This state of 3 million people could make or break the lifelong hopes of contenders and the prayers of their supporters, and in the end, it could propel a candidate to the White House while dooming others to has-been status.
Tonight, a small percentage of Iowans will meet at their local high schools, firehouses and city halls to officially choose a presidential candidate in the first step toward narrowing the field of Republican and Democratic contenders.
Polls show a neck-and-neck race in Iowa on the Republican side between two former governors, Mike Huckabee and Mitt Romney, and an even tighter race between Democratic Sens. Hillary Clinton and Barack Obama and former Sen. John Edwards.
After raising and spending millions of dollars, and countless speeches and commercials, the wide-open race for the presidency starts its final stride tonight.
"The point is, this is the first real vote, as opposed to opinion polls," says Alan LichtÂman, a political historian at American University in Washington.
While it may not be perfect, the results of the Iowa caucuses are seen as the first gauge of electability, he says, though candidates have lost the contest and still won the presidency. In fact, just two - George W. Bush and Jimmy Carter - won Iowa and went on to occupy the Oval Office.
Candidates, though, have staked a lot on winning the caucuses - really more of a beauty contest because the victor doesn't leave with any actual delegates. And a win here could mean momentum, an increased money flow and possibly the cover of Time and Newsweek.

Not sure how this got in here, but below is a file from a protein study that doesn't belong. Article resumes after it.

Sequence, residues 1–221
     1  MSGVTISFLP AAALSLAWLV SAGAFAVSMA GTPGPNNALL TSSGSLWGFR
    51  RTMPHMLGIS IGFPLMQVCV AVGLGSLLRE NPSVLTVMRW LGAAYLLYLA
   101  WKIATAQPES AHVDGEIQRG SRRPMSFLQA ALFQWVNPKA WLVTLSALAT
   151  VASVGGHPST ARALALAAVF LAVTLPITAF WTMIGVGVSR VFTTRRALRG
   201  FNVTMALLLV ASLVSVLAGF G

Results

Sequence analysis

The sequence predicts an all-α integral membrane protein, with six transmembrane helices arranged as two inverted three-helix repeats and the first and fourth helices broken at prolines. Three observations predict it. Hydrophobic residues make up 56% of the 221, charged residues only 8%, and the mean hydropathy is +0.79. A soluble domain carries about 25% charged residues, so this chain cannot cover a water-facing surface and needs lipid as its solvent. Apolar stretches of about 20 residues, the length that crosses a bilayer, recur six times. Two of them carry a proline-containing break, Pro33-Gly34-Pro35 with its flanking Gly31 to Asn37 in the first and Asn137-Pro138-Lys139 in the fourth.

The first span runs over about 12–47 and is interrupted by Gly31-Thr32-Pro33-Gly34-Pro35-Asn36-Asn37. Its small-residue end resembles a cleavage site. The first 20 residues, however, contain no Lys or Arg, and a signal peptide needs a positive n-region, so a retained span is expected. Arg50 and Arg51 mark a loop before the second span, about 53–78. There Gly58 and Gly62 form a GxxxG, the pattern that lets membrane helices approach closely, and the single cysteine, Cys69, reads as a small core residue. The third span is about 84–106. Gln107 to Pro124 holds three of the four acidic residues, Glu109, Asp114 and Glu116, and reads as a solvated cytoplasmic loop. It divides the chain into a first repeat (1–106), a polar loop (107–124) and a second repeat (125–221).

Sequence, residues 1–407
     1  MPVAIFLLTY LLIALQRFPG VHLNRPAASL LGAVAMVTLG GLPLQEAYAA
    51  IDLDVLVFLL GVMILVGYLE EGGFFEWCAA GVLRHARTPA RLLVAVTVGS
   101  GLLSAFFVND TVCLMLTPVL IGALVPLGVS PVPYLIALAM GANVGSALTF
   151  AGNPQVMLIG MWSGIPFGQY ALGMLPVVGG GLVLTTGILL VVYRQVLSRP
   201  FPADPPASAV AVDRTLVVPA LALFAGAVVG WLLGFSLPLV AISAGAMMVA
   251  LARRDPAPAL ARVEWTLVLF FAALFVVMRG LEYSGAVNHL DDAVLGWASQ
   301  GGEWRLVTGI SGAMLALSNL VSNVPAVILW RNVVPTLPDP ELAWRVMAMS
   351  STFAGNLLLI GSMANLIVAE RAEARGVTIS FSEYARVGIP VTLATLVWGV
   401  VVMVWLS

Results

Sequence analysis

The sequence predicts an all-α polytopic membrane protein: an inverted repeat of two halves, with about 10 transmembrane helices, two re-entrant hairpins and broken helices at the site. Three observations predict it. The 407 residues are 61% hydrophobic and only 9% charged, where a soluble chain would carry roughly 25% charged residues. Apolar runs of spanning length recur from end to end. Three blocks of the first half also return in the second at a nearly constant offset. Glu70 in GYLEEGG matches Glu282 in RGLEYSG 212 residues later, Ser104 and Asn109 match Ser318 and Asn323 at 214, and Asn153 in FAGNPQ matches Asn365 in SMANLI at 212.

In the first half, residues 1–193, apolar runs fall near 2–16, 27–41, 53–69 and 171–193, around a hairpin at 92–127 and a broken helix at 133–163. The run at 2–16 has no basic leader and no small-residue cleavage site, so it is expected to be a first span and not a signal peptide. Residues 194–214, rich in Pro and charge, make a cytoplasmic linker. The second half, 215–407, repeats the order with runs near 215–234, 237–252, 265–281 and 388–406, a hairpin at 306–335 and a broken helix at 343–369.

Some contenders need a strong showing in Iowa to avoid going bust, such as Huckabee on the GOP side and Edwards on the Democratic side, while others have built up enough campaign structure in other states to finish back and still be formidable going forward.
"If John Edwards is going to stay in, he's going to have to do well in Iowa," says University of Iowa political scientist Bruce Grondeck.
"He's been able to use personal appeal [to compete in Iowa, but] he's going to have to do more than that to win in the other states."
As for Huckabee, Grondeck says the ordained Southern Baptist minister is doing well in Iowa and South Carolina, two states with large evangelical voter blocs. But, Grondeck says, "If he doesn't win Iowa, that will blunt South Carolina. Romney doesn't have to do as well because he's got a lot of money."
But with Iowa being the first test of the presidential race, the students taking this exam are tired of cramming and are excited to whip out their No. 2 pencils and begin.
On the ground: It's just before 9 a.m. on Tuesday, and Mary Hermann's home is jammed with video cameras, reporters wielding notebooks, neighbors donning stickers and stoic security officers.
The Hermann family football-watching party has turned into a national news spectacle because of an important guest dropping by.
Romney's campaign has arranged for a quick visit by the candidate in hopes of making him seem more human and less plastic, as critics have charged.
"Not in my wildest dreams would I have guessed on New Year's Day I would have Mitt Romney in my home, but I'm just honored," she says, standing among a dozen people crowded into her kitchen. "It's a privilege to have my friends and family here to hear him speak."
That's part of the personal touch of the Iowa caucuses. While the rest of the nation may be seeing candidates on their TV screens, Iowans see them in their coffee shops, diners, pubs and churches.